KOTA KINABALU: Tam, Malaysia's last surviving male Sumatran rhino, has no more than a few weeks to live, if not days, due to old age.
Tam, who is estimated to be in his mid-30s, has shown slight improvement over the last two days, due to intensive care since the Sabah Wildlife Department (SWD) announced on Sunday (May 19) that it was in critical condition.
However, SWD director Augustine Tuuga said their main concern remained his age, as rhinos generally have a lifespan of 35 to 40 years old.
“I have received the following update from the veterinarian; Tam has improved slightly over the past two days as a result of intensive care.
“But the problem is age-related. We do not expect him to survive for much longer. The timeframe is likely to be in the days rather than weeks (before his demise),” said Augustine in a written text reply Tuesday (May 21).
Tam and female rhino Iman are the only two Sumatran rhinos in captivity in Malaysia.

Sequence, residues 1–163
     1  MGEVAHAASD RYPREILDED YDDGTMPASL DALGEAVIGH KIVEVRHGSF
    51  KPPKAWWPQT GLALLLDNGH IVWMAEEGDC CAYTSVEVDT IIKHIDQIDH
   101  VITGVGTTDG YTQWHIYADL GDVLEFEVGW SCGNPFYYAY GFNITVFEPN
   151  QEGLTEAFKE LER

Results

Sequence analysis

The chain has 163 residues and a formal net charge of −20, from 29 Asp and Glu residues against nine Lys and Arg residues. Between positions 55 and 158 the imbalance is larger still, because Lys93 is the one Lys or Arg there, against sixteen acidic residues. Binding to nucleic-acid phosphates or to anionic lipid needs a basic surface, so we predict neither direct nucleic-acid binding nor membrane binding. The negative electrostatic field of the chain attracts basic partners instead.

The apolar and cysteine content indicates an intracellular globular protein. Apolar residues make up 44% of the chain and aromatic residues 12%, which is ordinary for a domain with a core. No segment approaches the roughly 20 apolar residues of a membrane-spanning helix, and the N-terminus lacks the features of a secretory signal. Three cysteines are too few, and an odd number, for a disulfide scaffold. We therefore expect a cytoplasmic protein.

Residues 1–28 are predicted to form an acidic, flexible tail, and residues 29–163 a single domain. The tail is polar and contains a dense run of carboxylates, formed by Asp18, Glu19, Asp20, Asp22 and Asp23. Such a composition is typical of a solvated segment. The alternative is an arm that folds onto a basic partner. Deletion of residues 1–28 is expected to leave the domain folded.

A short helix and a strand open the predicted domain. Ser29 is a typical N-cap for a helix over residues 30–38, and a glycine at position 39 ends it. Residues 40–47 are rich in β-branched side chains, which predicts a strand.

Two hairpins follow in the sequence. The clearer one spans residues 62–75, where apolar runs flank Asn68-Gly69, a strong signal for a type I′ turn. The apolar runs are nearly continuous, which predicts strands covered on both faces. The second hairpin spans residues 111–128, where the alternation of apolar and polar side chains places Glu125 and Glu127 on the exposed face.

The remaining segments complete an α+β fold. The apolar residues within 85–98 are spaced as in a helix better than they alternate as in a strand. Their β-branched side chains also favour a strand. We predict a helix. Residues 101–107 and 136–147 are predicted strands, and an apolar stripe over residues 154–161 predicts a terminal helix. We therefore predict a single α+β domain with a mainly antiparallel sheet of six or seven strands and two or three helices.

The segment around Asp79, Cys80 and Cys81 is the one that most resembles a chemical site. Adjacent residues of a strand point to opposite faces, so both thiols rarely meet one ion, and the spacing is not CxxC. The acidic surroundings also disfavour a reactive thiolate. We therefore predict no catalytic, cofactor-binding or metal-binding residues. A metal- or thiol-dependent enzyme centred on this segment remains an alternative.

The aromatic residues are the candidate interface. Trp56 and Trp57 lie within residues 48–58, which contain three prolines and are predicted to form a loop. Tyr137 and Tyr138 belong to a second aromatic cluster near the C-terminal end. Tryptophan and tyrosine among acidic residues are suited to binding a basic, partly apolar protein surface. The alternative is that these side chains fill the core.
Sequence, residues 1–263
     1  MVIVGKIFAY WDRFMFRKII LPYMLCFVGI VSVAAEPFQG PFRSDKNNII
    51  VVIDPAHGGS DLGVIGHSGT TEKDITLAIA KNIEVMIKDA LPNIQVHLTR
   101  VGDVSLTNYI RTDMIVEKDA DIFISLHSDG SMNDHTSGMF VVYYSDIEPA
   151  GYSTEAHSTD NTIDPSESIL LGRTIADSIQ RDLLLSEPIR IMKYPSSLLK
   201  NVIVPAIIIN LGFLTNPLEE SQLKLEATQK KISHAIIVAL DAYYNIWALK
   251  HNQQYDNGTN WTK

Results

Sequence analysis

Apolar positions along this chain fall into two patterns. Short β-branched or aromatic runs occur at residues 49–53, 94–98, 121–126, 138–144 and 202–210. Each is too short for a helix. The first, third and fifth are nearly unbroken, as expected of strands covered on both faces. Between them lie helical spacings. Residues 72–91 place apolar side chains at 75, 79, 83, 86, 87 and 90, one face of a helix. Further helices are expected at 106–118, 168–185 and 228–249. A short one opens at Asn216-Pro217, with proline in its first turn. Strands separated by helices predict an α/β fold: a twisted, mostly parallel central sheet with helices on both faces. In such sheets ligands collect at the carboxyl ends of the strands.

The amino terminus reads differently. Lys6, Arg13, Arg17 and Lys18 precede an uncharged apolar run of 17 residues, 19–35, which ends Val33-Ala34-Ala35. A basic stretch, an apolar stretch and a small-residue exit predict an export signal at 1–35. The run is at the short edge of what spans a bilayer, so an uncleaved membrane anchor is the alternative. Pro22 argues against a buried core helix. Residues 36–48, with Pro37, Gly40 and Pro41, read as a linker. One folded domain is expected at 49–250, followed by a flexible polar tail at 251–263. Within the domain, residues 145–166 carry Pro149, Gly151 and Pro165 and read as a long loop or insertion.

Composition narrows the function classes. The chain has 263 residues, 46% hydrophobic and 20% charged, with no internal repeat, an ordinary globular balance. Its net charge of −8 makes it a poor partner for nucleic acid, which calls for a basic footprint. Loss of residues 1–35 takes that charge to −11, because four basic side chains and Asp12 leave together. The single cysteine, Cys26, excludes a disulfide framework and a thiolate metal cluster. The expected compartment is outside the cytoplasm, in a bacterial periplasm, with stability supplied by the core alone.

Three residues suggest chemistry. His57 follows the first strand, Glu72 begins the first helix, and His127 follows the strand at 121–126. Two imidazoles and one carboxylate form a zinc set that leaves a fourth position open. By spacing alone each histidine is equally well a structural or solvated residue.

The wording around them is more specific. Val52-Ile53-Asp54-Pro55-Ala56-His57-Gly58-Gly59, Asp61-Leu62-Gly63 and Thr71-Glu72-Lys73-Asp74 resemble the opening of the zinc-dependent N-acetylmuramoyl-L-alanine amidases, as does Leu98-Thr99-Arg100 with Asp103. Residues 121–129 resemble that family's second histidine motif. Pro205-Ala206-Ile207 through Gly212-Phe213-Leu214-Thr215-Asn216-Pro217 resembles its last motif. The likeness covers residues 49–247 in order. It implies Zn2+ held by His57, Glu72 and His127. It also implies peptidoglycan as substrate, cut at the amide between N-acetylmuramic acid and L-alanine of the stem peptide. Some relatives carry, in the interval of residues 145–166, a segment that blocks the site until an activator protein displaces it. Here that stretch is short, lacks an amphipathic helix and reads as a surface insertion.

The elusive species has been considered extinct in the wild in Malaysia, as no individuals were detected in Sabah’s wild in recent years.
However, a Sumatran rhino was reportedly captured in Indonesia’s east Kalimantan last year.
Over the years, Sabah and Malaysia authorities have been trying to engage with Indonesia in rhino preservation, with a focus on advanced reproductive technology, including in-vitro fertilisation (IVF).
Despite claims of ongoing government-to-government talks, so far efforts have been unsuccessful, as nothing concrete has been achieved on the matter.